Of course, in a similar fashion to Hong Kong, Tibet, Xianjing, and Taiwan, China is cracking down and eliminating as much information that it can regarding what is happening in Inner Mongolia.
The LA Times detailed this in a recent report:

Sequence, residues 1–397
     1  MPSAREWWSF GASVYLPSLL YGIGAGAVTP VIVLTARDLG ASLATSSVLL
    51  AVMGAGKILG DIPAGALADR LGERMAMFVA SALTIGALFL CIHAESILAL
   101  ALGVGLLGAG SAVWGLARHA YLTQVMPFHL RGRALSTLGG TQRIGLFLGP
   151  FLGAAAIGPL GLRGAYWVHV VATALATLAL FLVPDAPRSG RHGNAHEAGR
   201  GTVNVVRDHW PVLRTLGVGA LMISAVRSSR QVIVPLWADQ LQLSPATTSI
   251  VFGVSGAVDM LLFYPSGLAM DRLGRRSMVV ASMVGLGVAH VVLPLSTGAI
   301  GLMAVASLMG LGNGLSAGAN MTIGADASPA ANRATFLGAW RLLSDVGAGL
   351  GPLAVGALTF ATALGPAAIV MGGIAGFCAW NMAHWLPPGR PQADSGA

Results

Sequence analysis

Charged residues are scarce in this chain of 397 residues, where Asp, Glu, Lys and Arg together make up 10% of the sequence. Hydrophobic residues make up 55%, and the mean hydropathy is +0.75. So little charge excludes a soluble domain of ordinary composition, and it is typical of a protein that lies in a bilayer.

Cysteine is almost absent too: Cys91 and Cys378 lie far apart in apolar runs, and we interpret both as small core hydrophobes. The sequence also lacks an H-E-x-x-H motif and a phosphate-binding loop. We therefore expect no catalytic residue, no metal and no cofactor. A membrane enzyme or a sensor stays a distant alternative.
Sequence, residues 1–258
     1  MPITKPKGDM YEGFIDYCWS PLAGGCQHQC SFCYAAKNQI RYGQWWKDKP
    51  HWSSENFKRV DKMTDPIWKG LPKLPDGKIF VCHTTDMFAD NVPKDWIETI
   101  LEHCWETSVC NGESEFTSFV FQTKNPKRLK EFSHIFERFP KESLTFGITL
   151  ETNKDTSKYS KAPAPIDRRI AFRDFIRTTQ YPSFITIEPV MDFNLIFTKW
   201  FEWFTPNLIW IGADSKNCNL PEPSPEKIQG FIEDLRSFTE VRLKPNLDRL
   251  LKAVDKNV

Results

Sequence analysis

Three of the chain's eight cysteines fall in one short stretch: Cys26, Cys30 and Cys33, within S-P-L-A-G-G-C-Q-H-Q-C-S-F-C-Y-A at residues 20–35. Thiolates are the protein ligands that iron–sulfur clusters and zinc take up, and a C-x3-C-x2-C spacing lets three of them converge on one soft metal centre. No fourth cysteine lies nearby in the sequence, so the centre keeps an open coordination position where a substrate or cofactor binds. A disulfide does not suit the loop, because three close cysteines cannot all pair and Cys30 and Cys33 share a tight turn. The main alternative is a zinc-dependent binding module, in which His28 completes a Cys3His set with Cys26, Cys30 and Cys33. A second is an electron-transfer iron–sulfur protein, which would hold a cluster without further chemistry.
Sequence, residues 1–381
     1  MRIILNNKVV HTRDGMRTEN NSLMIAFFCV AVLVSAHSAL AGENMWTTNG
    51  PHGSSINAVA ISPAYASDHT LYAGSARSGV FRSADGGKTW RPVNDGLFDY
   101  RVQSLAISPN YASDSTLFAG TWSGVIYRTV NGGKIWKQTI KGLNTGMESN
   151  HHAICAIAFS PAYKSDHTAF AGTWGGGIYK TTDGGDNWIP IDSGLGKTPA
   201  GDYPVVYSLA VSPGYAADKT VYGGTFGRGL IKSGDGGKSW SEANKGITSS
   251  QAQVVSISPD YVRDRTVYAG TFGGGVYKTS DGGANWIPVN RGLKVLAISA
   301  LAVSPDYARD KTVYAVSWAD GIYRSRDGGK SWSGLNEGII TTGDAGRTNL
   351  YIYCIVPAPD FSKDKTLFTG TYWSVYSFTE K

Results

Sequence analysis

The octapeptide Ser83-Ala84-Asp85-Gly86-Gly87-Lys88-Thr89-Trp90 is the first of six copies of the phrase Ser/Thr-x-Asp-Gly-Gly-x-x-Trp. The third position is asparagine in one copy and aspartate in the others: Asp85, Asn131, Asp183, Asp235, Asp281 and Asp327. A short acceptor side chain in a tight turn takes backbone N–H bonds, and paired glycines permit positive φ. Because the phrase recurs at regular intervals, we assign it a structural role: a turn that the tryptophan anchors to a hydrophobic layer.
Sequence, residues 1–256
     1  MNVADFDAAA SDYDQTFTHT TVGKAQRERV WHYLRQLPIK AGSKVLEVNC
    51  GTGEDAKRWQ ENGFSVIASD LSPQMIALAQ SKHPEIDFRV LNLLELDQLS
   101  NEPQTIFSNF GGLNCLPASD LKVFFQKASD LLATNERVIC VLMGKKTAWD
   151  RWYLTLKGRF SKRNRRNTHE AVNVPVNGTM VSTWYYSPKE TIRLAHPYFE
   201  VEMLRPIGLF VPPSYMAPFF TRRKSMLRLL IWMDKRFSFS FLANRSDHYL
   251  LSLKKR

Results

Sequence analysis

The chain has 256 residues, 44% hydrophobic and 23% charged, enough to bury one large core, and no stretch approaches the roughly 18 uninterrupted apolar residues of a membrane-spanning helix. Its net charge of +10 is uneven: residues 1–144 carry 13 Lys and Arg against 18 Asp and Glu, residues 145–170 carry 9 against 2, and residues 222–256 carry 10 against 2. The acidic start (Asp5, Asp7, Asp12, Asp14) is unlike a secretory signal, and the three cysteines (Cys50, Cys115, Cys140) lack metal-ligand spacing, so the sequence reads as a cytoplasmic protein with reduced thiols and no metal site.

“The seat of government in Xilingol [Inner Mongolia], announced via WeChat that parents who did not send their children to school by Sept. 17 would lose access to government subsidies. High schoolers who did not attend classes would be expelled and blocked from taking the college entrance exam. Banks would stop loans for the next five years to any parents who did not comply…A separate government notice stated that parents who did not abide would be placed on an “untrustworthy persons list,” and face restrictions on jobs, special market transactions, cross-border travels, home reconstruction and other actions requiring good social credit standing… A police source within Inner Mongolia told the Los Angeles Times that most students had returned to school, but officers were tracking down people who had posted anything “harmful to the government” online. He shared images of police orders that included people’s names, ID and phone numbers, addresses, and workplaces, and required officers to implement “education and stability control” on the individuals. Several of the individuals were targeted for “stability control” because they’d called for protests or posted messages on WeChat about apparent Mongolian suicides. The Southern Mongolian Human Rights Information Center, a New York-based rights group, said that nine Mongols, mostly teachers, and students, had committed suicide in recent weeks after coming under government pressure.”